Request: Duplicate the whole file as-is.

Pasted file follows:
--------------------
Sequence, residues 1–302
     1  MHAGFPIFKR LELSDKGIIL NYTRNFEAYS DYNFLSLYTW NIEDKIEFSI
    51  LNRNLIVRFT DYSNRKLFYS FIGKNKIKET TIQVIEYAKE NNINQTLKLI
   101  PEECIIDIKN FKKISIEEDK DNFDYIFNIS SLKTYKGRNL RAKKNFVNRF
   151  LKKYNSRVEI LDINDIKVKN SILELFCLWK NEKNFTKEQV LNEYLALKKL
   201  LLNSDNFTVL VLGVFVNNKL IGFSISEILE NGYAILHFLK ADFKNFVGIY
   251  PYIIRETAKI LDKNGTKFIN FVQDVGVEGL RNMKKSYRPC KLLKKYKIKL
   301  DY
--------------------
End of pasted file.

Sequence, residues 1–302
     1  MHAGFPIFKR LELSDKGIIL NYTRNFEAYS DYNFLSLYTW NIEDKIEFSI
    51  LNRNLIVRFT DYSNRKLFYS FIGKNKIKET TIQVIEYAKE NNINQTLKLI
   101  PEECIIDIKN FKKISIEEDK DNFDYIFNIS SLKTYKGRNL RAKKNFVNRF
   151  LKKYNSRVEI LDINDIKVKN SILELFCLWK NEKNFTKEQV LNEYLALKKL
   201  LLNSDNFTVL VLGVFVNNKL IGFSISEILE NGYAILHFLK ADFKNFVGIY
   251  PYIIRETAKI LDKNGTKFIN FVQDVGVEGL RNMKKSYRPC KLLKKYKIKL
   301  DY